Hearts (suit)

From Wikipedia, the free encyclopedia
  (Redirected from Hearts (card suit))
Jump to navigation Jump to search
Ace of Hearts
The suit of Hearts in a German suited deck

Hearts (French: Cœur, German: Herz) is one of the four suits in playing cards of both the French deck and the German deck. However, the symbol is slightly different: Symbol: Herz in a French deck and Symbol: Herz in a German-suited deck.

In Bridge, for which in Germany the French deck is common, it is called by its French name, Cœur. In games using German-suited cards the suit of Hearts is often called "Red" (Rot). In the game of Watten, the King of Hearts is the highest Trump.

This suit was invented in 15th century Germany and is a survivor from a large pool of experimental suit signs created to replace the Latin suits.[1]

Name[edit]

The origin of the term "heart" to describe the symbol, which only very marginally resembles a true heart, is not known.[2] In general, equivalents in other languages also mean "heart".

Characteristics[edit]

The heart typically has a form of cardioid, the lower part of which ends in a point. The symbol is drawn with its tip down, the two lobes of the cardioid pointing upwards. Generally, the hearts are coloured red.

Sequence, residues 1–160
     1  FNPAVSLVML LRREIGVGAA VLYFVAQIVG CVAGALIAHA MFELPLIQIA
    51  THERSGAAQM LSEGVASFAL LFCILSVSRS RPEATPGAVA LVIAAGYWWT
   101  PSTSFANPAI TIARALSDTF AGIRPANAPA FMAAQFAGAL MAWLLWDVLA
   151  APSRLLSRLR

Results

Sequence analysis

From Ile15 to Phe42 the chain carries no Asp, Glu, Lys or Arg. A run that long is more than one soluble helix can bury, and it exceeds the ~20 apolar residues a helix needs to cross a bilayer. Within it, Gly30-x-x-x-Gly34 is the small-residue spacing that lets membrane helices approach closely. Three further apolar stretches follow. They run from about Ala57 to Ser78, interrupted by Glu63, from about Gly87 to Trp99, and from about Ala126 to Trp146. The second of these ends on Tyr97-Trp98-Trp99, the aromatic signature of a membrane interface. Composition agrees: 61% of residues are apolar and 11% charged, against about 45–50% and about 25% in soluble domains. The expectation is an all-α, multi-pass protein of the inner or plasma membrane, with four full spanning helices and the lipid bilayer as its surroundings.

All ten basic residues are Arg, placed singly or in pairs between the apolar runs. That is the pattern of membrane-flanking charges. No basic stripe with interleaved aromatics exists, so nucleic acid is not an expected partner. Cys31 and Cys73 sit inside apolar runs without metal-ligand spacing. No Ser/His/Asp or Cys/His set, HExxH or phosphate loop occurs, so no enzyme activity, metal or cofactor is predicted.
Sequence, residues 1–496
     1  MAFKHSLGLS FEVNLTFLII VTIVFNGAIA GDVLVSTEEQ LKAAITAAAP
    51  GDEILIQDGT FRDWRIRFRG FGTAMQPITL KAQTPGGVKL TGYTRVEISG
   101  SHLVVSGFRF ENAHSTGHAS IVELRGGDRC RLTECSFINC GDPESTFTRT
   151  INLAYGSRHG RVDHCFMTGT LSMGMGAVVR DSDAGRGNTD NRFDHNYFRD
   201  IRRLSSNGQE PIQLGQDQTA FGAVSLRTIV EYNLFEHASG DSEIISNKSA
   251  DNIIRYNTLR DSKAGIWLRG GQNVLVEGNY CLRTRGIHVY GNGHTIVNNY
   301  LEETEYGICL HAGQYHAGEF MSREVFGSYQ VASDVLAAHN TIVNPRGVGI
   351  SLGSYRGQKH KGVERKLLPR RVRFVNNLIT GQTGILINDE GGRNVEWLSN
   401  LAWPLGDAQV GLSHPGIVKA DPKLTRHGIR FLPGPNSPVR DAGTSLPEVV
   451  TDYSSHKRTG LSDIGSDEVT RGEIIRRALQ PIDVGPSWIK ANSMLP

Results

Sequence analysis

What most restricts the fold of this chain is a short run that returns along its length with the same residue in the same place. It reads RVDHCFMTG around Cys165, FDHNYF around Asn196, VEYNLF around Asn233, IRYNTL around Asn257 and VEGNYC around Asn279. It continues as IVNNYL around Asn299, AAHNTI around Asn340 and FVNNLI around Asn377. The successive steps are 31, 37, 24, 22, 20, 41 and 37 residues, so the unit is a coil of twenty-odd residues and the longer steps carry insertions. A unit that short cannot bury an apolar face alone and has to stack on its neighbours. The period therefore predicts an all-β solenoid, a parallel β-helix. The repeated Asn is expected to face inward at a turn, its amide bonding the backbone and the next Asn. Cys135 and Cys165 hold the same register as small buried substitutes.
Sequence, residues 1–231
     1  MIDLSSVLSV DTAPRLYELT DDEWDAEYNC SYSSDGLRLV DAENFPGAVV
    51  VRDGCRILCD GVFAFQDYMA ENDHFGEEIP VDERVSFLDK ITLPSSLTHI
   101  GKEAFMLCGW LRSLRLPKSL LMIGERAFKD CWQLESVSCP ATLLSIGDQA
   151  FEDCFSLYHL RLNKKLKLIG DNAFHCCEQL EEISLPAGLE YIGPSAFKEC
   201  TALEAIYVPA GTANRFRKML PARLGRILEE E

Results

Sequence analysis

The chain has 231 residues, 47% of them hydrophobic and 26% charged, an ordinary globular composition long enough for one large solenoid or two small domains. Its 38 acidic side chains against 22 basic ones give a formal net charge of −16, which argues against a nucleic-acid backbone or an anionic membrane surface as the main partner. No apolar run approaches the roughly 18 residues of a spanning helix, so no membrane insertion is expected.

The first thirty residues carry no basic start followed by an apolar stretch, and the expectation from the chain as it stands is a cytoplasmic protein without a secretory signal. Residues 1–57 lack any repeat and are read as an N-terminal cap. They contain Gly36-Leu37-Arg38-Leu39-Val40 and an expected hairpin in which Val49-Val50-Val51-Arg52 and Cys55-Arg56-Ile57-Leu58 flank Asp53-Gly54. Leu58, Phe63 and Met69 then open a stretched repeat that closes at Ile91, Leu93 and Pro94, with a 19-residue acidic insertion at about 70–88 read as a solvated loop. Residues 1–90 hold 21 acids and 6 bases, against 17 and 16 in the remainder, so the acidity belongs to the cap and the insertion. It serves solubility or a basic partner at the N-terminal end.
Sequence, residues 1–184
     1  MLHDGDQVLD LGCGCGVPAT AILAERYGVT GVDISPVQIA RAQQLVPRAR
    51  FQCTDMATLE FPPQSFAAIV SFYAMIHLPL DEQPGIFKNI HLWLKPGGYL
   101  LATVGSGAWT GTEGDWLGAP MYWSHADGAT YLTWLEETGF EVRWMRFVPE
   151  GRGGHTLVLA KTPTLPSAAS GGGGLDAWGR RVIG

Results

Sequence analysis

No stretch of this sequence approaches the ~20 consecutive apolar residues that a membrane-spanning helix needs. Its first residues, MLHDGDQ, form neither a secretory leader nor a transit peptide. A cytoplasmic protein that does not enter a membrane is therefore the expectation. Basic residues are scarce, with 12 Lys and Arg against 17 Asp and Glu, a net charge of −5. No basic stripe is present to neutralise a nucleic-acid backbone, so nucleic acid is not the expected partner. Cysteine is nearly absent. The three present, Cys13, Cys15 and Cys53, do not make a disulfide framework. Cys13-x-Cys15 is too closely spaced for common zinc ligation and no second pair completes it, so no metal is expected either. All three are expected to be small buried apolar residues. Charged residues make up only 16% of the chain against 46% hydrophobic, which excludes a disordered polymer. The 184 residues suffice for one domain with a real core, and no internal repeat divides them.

French pattern[edit]

The following gallery shows the hearts of a 52-card deck of French playing cards. Not shown is the Knight of Hearts, used in tarot card games:

German pattern[edit]

The gallery below shows a suit of Hearts from a German suited deck of 32 cards. The pack is of the Saxonian pattern:

Coding[edit]

The symbol ♥ is already in the CP437 and therefore also in the WGL4. In Unicode, a black heart ♥ and a white ♡ heart are defined:

Symbol Unicode Entity in HTML
U+2665 BLACK HEART SUIT ♥ or ♥
U+2661 WHITE HEART SUIT ♡
Example from Dingbats for one of the other forms of heart:
U+2764 HEAVY BLACK HEART ❤

References[edit]

  1. ^ Dummett, Michael (1980). The Game of Tarot. London: Duckworth. pp. 10–32.
  2. ^ K. McDonell (13 February 2007). "The Shape of My Heart - Where did the ubiquitous Valentine's symbol come from?". Slate.